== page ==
Like many moms, Christine Lewis of Haltom City, Texas, has found that competition can quickly sink a friendship. Witness a trip she took with a mom who'd been competing with Lewis since their first children were born. Hour after hour in Lewis's car, the other mom yakked on about her own efforts to get her daughter into the right kindergarten--seeming to imply that Lewis wasn't doing enough for her son's future. "By the end of the trip," Lewis says, "I was about ready to strangle her."

As if the anger weren't bad enough, competition often breeds self-doubt. Kristin Swihart, a mother of two in North Ridgeville, Ohio, recalls how her tough decision to stop breastfeeding was made even harder by moms in her office. They kept sighing about how close nursing made them feel to their babies, which led Swihart to second-guess herself. "I remember more than once pulling out my little hand pump and trying to see if I could get my breasts to start producing milk again," she says.

Moms even find themselves second-guessing their babies. "I knew a woman who bragged on and on about how her four-month-old could roll over multiple times," says Deborah Skolnik, a senior editor at Parenting magazine and a mom of two. "At the time, my daughter Clara hadn't budged off her back, and this mom knew it. I said, 'That's wonderful,' and then went off in a corner and kept poking Clara to see if I could make her roll over. No dice."

Shaking off the competition

When other moms start tooting their babies'(Playskool) horns, remember there's a wide range of normal. "It's not necessarily better to do everything earlier," says Cindy Hearne, Ph.D., a Houston-based psychologist. Stories are legion of kids who "miss" the crawling deadline only to move straight into walking. And assume the braggart isn't telling you everything. "Those proud 'know-it-all' types just conveniently forget to mention any of their child's less-than-perfect qualities," says Hollie Michael of Orange Park, Florida. An early walker might be a late talker; a precocious cup-drinker might be the last on his block to master a fork and spoon. "Since every child is 'behind' in some area, I just don't let the competition get to me," says Michael.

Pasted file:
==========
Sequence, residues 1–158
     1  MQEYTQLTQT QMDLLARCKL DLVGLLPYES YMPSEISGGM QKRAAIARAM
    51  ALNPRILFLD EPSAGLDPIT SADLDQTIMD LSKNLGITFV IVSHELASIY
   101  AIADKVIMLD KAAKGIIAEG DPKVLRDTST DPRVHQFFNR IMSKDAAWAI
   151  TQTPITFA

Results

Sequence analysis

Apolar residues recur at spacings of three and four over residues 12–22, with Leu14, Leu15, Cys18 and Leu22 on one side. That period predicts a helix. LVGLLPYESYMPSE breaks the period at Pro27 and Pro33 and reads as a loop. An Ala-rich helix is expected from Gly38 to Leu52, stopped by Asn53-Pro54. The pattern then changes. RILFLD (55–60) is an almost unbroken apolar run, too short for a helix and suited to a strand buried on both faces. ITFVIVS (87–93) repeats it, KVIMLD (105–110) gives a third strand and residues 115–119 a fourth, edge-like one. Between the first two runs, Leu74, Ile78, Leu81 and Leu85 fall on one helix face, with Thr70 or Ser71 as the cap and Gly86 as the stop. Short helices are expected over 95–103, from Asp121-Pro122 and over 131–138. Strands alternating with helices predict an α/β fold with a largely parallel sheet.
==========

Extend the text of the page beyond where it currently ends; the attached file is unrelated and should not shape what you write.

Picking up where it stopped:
Keep in mind that parents have different strengths, too. Does an ultra-relaxed mom make you feel like a nervous twit by comparison? A little anxiety may actually be a good thing for your baby. Babytalk editor-in-chief Susan Kane recalls realizing, during a playdate, that a mom she had admired for her calm was letting her toddler run around completely--and dangerously--unsupervised. "It reminded me that I have to trust my own instincts," she says. "Being vigilant about watching my daughter was the right thing to do!"

For a breather from one-upmomship, "find a friend who doesn't play into the competitive culture of parenting," suggests Miriam Peskowitz, Ph.D., author of The Truth Behind the Mommy Wars: Who Decides What Makes a Good Mother? Older moms, including your own, may fill the bill; ditto non-moms. "My best friend doesn't have children, and that's a great blessing in my life," Peskowitz says. "It's a huge release from the insular world of parenting for me."